The Therapist / Client Relationship

Snakes live in the forest. Every day they travel over rough ground – pebbles, rocks, fallen trees with uneven bark. Every Spring they get a new skin, and it happens this way:  the old skin stretches and loosens. It eventually detaches, over time, from the snakes body, and  the new skin  shows up underneath.

The old skin never falls off until the new skin has had the time to toughen up and manage the rough terrain the snake goes through. When It first appears, the new skin is delicate and pink, but by the time it is ready to protect the snake from it’s daily environment, it has become brown and strong.

It’s never the therapist’s job to pull he skin off a snake.

 

The Therapist’s Job

I’ve been asked how much therapists really ‘get it’ about how much they effect their clients’ daily lives with what they say and do. I say it depends on the quality of the therapist. It doesn’t hurt if the therapist has been in therapy themselves and experienced the power of transference.

Good therapists know very well how significant they are to their clients, certainly want to avoid their clients’ losing them, and pay attention to what they say and do. Good therapists put themselves into a “good parent mode” when they are working, and are careful about balancing nurturing and challenging interventions that are intended to promote growth.  Even the way a phrase is delivered can make an important impression.  It’s part of the therapist’s job not to be overly tired, and certainly not irritable, from their own life.

I often feel as it I have the ‘client’s life in my hands’ knowing full well how powerful my words and actions can be for them. Doing therapy is not a casual business. That’s why therapists are tired after a day of sessions. They have been working hard, mentally and emotionally, to give each client their best.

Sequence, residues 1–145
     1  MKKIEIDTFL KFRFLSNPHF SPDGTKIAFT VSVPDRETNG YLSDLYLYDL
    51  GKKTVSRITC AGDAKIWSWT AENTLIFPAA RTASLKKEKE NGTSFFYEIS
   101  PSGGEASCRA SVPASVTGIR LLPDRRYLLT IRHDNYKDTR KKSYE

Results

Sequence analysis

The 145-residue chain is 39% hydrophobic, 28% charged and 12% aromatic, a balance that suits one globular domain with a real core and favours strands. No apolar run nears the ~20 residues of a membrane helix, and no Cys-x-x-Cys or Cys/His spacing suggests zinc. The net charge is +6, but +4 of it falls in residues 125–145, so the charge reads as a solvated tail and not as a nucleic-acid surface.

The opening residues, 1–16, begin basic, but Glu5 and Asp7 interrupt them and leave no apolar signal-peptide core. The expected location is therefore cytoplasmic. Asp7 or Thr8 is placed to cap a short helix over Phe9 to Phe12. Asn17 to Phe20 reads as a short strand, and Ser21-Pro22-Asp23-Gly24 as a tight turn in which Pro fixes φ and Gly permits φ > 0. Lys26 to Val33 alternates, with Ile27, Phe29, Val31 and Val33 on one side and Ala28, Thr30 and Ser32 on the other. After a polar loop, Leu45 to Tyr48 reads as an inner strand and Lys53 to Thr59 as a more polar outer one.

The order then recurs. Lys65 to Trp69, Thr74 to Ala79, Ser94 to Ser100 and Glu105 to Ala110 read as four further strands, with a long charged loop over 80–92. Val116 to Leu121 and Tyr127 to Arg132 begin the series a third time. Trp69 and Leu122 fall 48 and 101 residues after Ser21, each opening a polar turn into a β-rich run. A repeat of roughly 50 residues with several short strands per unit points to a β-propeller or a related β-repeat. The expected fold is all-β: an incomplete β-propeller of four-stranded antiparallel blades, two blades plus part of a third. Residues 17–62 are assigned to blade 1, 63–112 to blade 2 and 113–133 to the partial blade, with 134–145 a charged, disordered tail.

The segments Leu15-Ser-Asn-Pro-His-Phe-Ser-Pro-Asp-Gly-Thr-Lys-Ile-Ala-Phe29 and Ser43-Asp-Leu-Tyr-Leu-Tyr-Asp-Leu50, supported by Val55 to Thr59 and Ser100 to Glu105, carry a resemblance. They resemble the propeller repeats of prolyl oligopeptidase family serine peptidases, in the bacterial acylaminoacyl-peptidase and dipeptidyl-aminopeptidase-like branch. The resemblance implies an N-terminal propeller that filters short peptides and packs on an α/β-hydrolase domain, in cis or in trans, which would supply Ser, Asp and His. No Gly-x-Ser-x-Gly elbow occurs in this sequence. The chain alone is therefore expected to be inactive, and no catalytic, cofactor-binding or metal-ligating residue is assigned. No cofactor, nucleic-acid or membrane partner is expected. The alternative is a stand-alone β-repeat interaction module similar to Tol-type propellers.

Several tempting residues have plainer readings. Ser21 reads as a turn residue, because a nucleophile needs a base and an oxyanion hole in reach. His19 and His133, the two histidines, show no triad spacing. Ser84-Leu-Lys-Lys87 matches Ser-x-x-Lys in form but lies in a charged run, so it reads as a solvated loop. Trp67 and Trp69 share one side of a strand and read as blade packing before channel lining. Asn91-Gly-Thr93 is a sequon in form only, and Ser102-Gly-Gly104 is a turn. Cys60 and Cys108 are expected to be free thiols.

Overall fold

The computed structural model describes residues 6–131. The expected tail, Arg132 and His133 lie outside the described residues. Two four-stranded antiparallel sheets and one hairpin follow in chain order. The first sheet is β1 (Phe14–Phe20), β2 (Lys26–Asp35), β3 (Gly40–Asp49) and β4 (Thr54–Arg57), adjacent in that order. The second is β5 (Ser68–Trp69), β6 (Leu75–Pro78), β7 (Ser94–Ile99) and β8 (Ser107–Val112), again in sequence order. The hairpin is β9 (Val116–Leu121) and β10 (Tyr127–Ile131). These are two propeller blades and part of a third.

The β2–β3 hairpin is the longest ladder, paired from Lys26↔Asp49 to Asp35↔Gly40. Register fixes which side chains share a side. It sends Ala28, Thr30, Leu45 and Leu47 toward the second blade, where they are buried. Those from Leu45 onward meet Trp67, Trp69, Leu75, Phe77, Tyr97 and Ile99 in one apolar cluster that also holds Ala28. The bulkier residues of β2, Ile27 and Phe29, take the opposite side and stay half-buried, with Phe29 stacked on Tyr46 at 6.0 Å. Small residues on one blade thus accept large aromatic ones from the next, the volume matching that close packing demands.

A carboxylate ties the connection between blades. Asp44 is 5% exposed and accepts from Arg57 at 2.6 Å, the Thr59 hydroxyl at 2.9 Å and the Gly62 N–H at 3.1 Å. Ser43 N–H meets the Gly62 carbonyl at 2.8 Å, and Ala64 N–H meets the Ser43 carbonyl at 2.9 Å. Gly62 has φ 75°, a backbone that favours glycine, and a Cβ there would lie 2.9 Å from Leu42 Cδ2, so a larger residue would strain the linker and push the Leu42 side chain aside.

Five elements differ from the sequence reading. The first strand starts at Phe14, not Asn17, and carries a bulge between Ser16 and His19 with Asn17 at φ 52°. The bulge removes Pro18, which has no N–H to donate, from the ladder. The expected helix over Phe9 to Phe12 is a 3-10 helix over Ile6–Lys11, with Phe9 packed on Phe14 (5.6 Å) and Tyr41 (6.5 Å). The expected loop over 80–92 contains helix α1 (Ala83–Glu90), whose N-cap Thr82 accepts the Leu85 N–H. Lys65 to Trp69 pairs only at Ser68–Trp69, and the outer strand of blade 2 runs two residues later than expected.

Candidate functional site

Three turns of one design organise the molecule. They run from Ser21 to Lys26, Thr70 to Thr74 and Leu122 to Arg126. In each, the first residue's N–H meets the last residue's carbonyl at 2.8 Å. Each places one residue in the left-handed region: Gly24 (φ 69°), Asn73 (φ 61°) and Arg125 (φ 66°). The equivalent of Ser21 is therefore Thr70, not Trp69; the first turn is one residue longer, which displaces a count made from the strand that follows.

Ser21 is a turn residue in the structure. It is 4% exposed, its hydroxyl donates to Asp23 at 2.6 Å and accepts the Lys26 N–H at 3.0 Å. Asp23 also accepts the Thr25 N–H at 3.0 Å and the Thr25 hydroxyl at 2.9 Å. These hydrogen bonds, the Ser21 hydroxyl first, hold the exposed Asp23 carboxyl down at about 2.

In Psychotherapy: How to deal with your therapist and your feelings.

I have been asked by clients what to do with their feelings of attraction to their therapist, past or present.

It’s an uncomfortable feeling usually, and often makes a client feel one down –  because an ethical therapist won’t reciprocate and the client feels alone in their attraction. The therapeutic relationship is a natural place for clients to sometimes develop romantic feelings for the therapist. After all, the client is being listened to deeply, possibly understood more fully than ever before, and hopefully truly helped.

The informed therapist doesn’t take the client’s feelings personally, and is most concerned with treating the client respectfully about their feelings, and also reassure the client that the relationship will always remain therapist/ client. It’s important for the client to know that the therapist will never take advantage of the client’s feelings and allow any other kind of relationship to develop, besides therapeutic, in session, either during therapy or afterward.

Feeling  attracted to your  therapist is often a part of positive transference.

Inside the Couple Bubble: Learning it’s OK to be Different People.